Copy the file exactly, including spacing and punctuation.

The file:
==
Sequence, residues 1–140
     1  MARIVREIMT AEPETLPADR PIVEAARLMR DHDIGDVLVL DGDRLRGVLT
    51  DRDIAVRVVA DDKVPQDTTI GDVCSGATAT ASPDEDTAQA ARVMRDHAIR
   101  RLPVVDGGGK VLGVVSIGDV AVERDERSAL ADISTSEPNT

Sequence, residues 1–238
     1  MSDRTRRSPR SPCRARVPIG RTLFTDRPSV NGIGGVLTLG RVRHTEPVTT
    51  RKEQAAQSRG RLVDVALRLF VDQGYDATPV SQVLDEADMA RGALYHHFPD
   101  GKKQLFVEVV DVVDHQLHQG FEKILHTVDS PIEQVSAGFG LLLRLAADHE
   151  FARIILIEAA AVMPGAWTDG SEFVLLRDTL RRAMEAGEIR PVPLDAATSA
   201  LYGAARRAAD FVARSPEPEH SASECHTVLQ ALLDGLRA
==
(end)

Sequence, residues 1–140
     1  MARIVREIMT AEPETLPADR PIVEAARLMR DHDIGDVLVL DGDRLRGVLT
    51  DRDIAVRVVA DDKVPQDTTI GDVCSGATAT ASPDEDTAQA ARVMRDHAIR
   101  RLPVVDGGGK VLGVVSIGDV AVERDERSAL ADISTSEPNT

Sequence, residues 1–238
     1  MSDRTRRSPR SPCRARVPIG RTLFTDRPSV NGIGGVLTLG RVRHTEPVTT
    51  RKEQAAQSRG RLVDVALRLF VDQGYDATPV SQVLDEADMA RGALYHHFPD
   101  GKKQLFVEVV DVVDHQLHQG FEKILHTVDS PIEQVSAGFG LLLRLAADHE
   151  FARIILIEAA AVMPGAWTDG SEFVLLRDTL RRAMEAGEIR PVPLDAATSA
   201  LYGAARRAAD FVARSPEPEH SASECHTVLQ ALLDGLRA